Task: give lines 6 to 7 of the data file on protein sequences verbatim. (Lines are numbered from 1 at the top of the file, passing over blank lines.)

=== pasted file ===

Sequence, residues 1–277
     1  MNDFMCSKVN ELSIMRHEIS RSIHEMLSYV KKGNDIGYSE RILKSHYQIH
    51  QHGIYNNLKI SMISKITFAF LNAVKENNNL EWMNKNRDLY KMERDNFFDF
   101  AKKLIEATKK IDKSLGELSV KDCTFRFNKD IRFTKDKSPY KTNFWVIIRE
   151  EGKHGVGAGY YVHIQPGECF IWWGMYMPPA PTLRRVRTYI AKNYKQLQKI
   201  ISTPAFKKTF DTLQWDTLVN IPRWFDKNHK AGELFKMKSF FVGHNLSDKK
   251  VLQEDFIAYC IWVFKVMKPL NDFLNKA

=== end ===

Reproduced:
   201  ISTPAFKKTF DTLQWDTLVN IPRWFDKNHK AGELFKMKSF FVGHNLSDKK
   251  VLQEDFIAYC IWVFKVMKPL NDFLNKA